Wild grape vines?

Asked May 8, 2018, 7:55 PM EDT

Please let me know what this vine climbing in our trees is. Someone suggested it may be wild grape vines. If so, what is the best way to get rid of it? It has killed a few of our trees already. We live near a swampy area and we have a lot of cat tails. Also, we have taken quite a few down out of the trees, is it okay to burn them or how should be dispose of them?

Genesee County Michigan

3 Responses

Based on the photos it is difficult to positively identify the plant. Looking at the bark it could be river-bank grape (Vitis riparia). Would it be possible to send photos of leaves as they emerge to confirm this identification?

As far as control is concerned the best course of action for vines usually is to cut them at the base, drill a few holes in the stump and pour concentrated glyphosate into the holes. An example of such a product is Roundup Weed and Grass Killer Super Concentrate, though there are several other generics available. Do not confuse this with other Roundup products that have additional active ingredients. You can find stump treatment instructions on the label. Be sure to read and follow all labeled instructions. Repeat applications may be necessary.

Glyphosate is a broad spectrum herbicide, meaning it will kill or severely injure any plant material with which it contacts, so you will need to use caution not to get the herbicide on desired vegetation. Glyphosate adsorbs strongly to soil particles in most cases, allowing even sensitive crops to be planted shortly after application; meaning no carryover issues are expected.

So long as there is no concern this is poison ivy, the vine material can be removed from the trees manually and disposed of with municipal waste. This material should not be composted. Burning may also be an option, however again I would like to confirm from leaf photos that this is not poison ivy.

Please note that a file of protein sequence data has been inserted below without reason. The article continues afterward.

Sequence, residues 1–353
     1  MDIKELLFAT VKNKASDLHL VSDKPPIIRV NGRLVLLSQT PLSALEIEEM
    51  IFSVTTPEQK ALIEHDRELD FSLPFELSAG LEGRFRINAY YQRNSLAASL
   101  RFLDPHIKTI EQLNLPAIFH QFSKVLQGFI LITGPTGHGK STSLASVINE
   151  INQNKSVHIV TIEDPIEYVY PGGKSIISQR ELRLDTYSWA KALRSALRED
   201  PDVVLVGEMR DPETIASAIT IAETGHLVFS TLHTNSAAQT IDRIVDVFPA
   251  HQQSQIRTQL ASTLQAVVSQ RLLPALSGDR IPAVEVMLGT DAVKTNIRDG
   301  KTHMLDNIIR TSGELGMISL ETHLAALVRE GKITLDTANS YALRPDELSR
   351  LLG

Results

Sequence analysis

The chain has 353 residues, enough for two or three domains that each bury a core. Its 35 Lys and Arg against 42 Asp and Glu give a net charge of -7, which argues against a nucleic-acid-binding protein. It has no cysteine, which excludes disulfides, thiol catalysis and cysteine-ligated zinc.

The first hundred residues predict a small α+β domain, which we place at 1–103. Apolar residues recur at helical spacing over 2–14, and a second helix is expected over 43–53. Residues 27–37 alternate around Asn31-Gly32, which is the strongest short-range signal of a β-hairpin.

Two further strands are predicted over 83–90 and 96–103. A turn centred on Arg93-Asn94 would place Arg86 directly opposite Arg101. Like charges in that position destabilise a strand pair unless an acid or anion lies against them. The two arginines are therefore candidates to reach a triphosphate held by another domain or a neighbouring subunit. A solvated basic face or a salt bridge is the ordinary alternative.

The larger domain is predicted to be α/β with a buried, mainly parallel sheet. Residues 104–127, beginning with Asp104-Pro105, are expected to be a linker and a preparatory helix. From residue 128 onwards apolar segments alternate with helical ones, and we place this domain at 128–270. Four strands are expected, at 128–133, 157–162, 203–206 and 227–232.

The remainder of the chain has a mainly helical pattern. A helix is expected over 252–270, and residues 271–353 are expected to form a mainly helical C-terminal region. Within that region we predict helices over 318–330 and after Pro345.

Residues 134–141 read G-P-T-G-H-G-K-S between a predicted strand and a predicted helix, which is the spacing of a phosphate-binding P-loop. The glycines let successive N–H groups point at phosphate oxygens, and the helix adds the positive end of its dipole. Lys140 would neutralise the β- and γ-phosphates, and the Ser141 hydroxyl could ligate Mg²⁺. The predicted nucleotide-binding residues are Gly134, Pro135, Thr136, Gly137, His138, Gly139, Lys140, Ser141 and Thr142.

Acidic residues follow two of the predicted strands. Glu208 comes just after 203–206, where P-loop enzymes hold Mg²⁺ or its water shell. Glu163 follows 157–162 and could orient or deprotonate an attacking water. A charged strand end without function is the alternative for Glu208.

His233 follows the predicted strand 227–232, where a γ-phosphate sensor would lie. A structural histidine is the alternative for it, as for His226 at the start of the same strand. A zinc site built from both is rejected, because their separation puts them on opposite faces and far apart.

Okay, thank you Erin. The vine is like a tree coming out of the ground. It grows up to 2 inches thick and is like wood that is flaking I guess is the best way to describe it. We don't have any leaves on them now, but if I remember right in the Fall I saw them and the leaves were about the size of my hand and turned bright red. It is along a swamp area. We are cutting it into pieces and putting it in yard waste bags so hopefully we can tackle it that way. We have a septic and well and lots of wildlife so really hate to use a lot of herbicides.

Did the leaves look like the photo I have uploaded here from MN Wildflowers?

A glyphosate application is not a concern to septic systems or wells due to soil binding. Wildlife exposure is also not expected to cause harm as these products are tested prior to registration for labeled uses. Also, glyphosate targets the shikimate pathway involved in the synthesis of three amino acids. This pathway is not found in animals.

If there is visible water located near the site at the time of application or it is along the shoreline of the Great Lakes or Lake St. Claire a permit is required prior to making a herbicide application; contact the MI Department of Environmental Quality (DEQ) Aquatic Nuisance Control Program Staff at (517) 284-5593 for more information. Also, a list of approved aquatic herbicides needs to be consulted on the MI DEQ website (https://www.michigan.gov/documents/deq/wrd-anc-approvedherbicides_445623_7.pdf). Glyphosate products are available on that list.